Floristic composition of Andean grassland in Alto Bio-Bio National Reserve (Lonquimay-Chile) and its relationship with the grazing regimen

Resumen:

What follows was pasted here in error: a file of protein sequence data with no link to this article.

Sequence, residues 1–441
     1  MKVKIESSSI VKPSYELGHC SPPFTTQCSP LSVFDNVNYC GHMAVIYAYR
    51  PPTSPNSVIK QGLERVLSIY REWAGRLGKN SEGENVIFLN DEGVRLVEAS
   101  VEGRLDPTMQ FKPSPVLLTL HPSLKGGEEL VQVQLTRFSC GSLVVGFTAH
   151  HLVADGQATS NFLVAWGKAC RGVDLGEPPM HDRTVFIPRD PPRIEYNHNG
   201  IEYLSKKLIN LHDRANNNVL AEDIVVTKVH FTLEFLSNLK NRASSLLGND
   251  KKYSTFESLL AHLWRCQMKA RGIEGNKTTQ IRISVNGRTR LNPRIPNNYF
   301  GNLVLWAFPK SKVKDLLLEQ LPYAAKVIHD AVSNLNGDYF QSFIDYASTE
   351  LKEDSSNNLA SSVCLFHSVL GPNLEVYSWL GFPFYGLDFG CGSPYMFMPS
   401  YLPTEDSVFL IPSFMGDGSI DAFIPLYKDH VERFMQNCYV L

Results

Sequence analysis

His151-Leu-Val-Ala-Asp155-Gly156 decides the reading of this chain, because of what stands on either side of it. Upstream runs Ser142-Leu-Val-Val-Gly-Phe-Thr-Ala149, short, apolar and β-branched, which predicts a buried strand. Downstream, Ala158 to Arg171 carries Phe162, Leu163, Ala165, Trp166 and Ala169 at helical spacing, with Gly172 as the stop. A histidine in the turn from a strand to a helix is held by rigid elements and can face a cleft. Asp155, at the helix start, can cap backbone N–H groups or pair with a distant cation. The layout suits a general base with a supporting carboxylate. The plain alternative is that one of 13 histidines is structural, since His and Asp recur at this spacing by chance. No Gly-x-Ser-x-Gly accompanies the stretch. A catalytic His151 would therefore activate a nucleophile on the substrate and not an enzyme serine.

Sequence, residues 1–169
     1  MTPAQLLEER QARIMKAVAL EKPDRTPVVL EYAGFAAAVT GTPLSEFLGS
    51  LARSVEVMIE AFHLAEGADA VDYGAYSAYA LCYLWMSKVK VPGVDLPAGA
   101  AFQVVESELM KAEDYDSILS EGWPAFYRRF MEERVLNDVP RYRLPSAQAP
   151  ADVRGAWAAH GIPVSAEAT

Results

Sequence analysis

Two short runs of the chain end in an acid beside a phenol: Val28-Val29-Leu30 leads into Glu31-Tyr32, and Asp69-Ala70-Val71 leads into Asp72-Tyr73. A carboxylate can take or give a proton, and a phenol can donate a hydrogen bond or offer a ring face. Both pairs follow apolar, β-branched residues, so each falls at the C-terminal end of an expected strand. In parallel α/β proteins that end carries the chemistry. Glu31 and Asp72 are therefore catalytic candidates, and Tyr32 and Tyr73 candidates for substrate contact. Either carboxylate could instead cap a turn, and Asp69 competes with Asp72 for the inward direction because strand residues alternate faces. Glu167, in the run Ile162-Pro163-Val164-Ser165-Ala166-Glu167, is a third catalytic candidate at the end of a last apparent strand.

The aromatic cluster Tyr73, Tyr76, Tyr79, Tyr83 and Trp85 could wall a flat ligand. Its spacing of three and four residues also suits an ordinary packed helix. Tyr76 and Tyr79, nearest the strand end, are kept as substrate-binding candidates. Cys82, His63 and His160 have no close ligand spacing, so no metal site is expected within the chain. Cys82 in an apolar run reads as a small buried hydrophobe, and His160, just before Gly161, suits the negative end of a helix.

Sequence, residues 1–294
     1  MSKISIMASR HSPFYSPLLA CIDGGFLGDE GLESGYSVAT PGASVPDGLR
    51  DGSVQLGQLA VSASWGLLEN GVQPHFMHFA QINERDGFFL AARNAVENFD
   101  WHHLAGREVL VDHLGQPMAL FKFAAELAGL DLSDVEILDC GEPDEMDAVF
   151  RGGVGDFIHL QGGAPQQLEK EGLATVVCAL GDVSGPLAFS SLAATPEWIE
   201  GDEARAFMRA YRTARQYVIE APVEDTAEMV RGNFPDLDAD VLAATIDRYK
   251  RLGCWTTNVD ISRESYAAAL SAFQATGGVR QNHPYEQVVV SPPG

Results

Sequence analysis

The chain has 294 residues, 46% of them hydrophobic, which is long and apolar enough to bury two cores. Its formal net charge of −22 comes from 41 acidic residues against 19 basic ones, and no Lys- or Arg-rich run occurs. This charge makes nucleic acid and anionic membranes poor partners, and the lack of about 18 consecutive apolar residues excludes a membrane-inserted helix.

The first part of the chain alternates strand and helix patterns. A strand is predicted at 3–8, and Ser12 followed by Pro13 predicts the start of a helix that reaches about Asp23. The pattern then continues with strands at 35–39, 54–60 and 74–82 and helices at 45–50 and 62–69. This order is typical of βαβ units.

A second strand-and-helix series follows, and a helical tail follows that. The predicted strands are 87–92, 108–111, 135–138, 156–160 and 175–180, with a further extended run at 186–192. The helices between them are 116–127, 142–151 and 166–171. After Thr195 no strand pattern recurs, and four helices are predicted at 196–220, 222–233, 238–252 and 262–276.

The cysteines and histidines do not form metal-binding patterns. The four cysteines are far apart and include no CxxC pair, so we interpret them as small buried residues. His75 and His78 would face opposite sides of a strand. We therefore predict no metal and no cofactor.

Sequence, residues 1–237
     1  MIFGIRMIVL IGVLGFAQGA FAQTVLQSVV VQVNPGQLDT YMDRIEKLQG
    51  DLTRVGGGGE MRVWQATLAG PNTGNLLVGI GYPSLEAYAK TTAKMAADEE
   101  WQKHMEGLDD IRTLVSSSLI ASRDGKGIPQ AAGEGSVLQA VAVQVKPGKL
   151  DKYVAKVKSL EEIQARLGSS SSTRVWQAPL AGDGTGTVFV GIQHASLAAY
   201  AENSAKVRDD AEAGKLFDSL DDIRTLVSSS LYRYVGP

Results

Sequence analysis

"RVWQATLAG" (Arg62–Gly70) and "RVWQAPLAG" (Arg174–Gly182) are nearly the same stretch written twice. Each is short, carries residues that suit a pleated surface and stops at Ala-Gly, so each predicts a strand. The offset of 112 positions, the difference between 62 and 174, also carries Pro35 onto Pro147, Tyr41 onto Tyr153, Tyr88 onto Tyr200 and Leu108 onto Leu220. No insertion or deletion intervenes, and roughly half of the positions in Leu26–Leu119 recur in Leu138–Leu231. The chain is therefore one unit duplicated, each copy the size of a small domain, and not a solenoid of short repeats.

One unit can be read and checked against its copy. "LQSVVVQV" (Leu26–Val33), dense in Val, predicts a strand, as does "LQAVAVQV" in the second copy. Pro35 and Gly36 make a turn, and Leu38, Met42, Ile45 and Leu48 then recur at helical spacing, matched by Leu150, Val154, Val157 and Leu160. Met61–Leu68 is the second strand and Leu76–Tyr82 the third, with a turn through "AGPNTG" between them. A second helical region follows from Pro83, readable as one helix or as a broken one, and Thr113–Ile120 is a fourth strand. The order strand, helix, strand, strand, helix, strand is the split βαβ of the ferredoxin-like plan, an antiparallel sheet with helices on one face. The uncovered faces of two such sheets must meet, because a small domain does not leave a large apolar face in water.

Andean grasslands of the La Araucania Region are used every year by Pehuenches communities as forage resources for their livestock. Grazing is one of the most important disturbances which affect natural meadows and can produce changes at community level in the species richness and plant composition. With the aim of determining the floristic composition of the Andean grasslands in the Alto Bio-Bio National Reserve (37 degrees S y 70 degrees W) and its relationship with the cattle load, we studied five sites within the reserve: Cuchares Grande, Cajon Chileno, Tralilhue, Cuchares Chico and Mancha de Pinos. In each site, we sampled 20 random plots recording all the species and their relative cover. We recorded a total of 89 species of vascular plants. Taxonomic richness is represented by two Pteridophyta and 87 Magnoliophyta species. In this last group, 25 species are Liliopsida and 62 are Magnoliopsida. All flora is distributed ill 37 families and 72 genera. Greatest families, in species number, are Asteraceae (13), Poaceae (11), Cyperaceae (6) and Rosaceae (6). About the origin, 88 species are native and only 11 are introduced, representing 88% and 12%, respectively. Life forms are represented mostly by hemicryptophytes with 53%, then cryptophytes arround 17% and finally chamaephytes (15%). Grasslands wich have greater livestock density, have a higher proportion of introduced species and hemicryptophytes and a greater floristic similarity between them, while those with lower livestock densities have a higher native species proportion. These results suggest that cattle use could have a significant impact in the floristic composition of Andean grasslands. Even though, the low proportion of introduced species found, the high percentage of hemicryptophytes indicates an intermediate level of disturbance.

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